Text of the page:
METHODS ParticipantsI used subjects a random sample of general psychology students to participate in this study. MaterialsThe national brand label used for this study was Kellogg’s Frosted Flakes along with the generic Always Save Sugar Frosted Flakes. ProceduresSome of the students were given a questionnaire with the appearance of a generic label and other students were given a questionnaire with the appearance of a national brand label. The questionnaires included a rating scale consisting of ten questions to be answered after the subjects tasted the cereal. Five were behavioral based questions used to control for limiting factors (co-variants) and five were used to rate taste and perception (taste, texture, etc.).DV. Response to the picture located on questionnaireIV. Picture on questionnaireCovariates: • Are you dieting?• Current buying habits?• Living on you own?• Financially independent?• Do you like or dislike cereal in general?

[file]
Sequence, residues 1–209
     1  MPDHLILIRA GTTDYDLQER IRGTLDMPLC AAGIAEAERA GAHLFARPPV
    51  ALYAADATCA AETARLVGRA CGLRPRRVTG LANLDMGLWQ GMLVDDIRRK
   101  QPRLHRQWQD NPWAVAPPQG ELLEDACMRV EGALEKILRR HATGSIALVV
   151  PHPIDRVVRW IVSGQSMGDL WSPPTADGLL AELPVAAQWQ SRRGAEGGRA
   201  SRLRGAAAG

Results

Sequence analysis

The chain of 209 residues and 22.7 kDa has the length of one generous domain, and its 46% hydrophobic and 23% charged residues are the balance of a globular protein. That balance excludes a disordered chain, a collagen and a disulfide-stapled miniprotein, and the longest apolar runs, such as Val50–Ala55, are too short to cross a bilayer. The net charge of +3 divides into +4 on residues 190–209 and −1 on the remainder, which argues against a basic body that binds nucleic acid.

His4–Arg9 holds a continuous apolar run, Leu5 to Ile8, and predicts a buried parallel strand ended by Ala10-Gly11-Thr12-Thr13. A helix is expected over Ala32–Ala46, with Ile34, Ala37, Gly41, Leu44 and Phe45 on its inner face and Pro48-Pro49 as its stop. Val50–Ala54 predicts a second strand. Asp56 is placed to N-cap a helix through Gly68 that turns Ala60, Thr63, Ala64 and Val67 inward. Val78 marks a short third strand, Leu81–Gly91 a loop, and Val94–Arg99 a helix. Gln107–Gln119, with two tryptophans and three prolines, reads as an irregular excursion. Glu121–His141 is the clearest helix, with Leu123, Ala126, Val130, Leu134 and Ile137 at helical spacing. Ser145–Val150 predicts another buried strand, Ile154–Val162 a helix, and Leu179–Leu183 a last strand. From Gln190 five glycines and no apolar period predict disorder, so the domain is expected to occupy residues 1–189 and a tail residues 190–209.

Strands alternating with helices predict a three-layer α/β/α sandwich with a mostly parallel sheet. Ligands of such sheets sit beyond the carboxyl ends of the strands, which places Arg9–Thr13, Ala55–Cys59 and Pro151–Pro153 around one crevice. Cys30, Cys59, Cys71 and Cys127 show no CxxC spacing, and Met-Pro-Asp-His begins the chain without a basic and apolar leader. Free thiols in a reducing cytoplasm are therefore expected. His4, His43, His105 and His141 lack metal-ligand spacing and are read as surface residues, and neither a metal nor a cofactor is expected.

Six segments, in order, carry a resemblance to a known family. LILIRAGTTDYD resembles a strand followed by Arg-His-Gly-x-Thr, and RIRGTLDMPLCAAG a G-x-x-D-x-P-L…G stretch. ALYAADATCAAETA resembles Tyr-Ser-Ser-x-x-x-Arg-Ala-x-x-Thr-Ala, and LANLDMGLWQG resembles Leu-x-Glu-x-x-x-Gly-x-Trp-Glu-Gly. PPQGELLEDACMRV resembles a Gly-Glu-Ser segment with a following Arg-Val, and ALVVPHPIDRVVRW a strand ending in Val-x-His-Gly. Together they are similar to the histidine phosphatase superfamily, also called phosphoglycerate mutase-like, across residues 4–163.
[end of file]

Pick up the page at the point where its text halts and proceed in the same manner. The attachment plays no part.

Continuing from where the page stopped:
RESULTS An ANOVA was conducted to test for whether students are more likely to have favorable taste perceptions while viewing national brand food labels then those viewing generic food labels. There was no significant difference in those viewing generic vs. national brand food labels. A correctional test was conducted to show significant differences do exist App Color Taste Texture Overall Rating App -- Color .72*** -- Taste .72*** .56*** -- Texture .73*** .59*** -- Overall Rating .73*** .66*** .90*** .73*** --